Full control of powers on Mergers and Acquisitions of the Competition Commission of India (CCI) effective June 1, 2011, has now been notified.
In this evolving scenario, it is indeed difficult to understand, why is the FDI issue on M&A in the Pharmaceutical space of India is still catching headlines of both national and international media. Instead, should we not now keep our nose to the grindstone and take strategic measures to accelerate the inclusive growth of this life-line industry of the nation?
Stipulations for M&As under the Competition Act:
Section 6(1) of the Act prohibits any person or enterprise from entering into a combination which has an “appreciable adverse effect” on competition in India. It also stipulates that any enterprise which intends to enter into such M&A, shall give notice to the CCI furnishing details of the proposed M&A within thirty days of:
(i) Approval of the merger by the Board of Directors of the concerned enterprise
(ii) Execution of any agreement relating to acquisitions referred to in clause 5(a) & (b) of the Act. S.6(2A) provides a period of 210 days to the CCI to complete the investigation relating to such combinations (if the CCI is unable to come to any conclusion within this period then the combination is deemed to be approved)
S.5 of the Act lays down the transactions which will qualify as combinations for the purposes of the Act. The following is the threshold limit for Mergers and Acquisitions:
• Transactions among Indian companies with combined assets of Rs. 1000 Crores or Rs 3000 Crores in turnover of the merged entity
• Cross-border transactions involving both Indian and foreign companies with combined assets of US $500 million or US $1.5 billion in turnover
• Transactions that have a territorial nexus with India, where the acquirer has US $125 million in assets or US $375 million in turnover in India.
Once any transaction reaches the threshold limit as specified in S.5, the enterprise has to take recourse to the procedure as specified in the Competition Act.
A time to keep our nose to the Grindstone:
Last year, though the growth of the Global Pharmaceutical Industry with a turnover of US$ 752 billion significantly slowed down to just 6.7% due to various contributing factors, the Indian Pharmaceutical Industry continued to maintain a robust of growth of 19% with a turnover of US$ 10.1 billion (IMS October, 2010).
R&D will fuel future growth:
However, on a longer term perspective, the domestic industry growth will be significantly driven by the newer products, which will be the outcome of painstaking innovative research and development initiatives. Keeping this point in mind, the fact that today India accounts less than one per cent of over US$130 billion of the worldwide spending on research and development for pharmaceuticals, despite its known strength in process chemistry and abundant talent pool, has started attracting attention of the government.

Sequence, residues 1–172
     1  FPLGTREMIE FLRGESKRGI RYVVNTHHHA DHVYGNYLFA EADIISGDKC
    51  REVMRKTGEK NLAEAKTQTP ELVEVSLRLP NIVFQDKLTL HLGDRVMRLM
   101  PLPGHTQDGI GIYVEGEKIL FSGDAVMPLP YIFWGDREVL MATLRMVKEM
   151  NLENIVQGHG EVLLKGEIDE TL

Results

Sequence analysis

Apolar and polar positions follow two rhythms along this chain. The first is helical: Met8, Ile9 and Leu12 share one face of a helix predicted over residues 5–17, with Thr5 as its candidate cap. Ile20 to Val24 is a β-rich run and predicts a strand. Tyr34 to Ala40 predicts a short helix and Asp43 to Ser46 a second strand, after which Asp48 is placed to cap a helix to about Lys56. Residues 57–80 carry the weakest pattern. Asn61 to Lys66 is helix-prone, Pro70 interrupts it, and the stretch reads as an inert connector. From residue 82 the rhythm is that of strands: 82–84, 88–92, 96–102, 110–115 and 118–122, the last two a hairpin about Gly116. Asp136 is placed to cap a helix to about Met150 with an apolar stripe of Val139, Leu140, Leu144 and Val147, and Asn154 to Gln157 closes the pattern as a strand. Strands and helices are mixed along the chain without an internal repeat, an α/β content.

Government taking appropriate measures:
It is encouraging to note that the Department of Pharmaceuticals of the Government of India through its ‘Vision 2020’ initiatives is planning to create a new echo-system in the country to promote new drug discovery platforms. This is expected to catapult the country as one of the top five global pharmaceutical hubs, by 2020 attracting additional investments of around US$ 20 billion to the GDP of the country.
Primary role of the industry:
The Primary role of the Research based Pharmaceutical Industry in India, like in many other countries of the world, is to make significant contribution to the healthcare objectives of the nation by meeting the unmet needs of the ailing patients, with innovative medicines. This role can be fulfilled by developing newer medicines through painstaking, time-consuming, risky and expensive basic research initiatives. The research based Pharmaceutical Industry in India is committed to its prime function of discovering and developing new medicines not only for the patients in India but all over the world.
Encouraging innovation will be critical:
Despite immense progress made over the past decades in developing new medicines for numerous acute and chronic illnesses, innovation still remains critically important in the continuous and ever complex battle between disease and good health. Ongoing efforts in Research & Development (R&D) would require a robust national policy environment that would encourage, protect and reward innovation. Improving healthcare environment in partnership with the Government remains a priority for the Research based Pharmaceutical Companies in India, both global and local.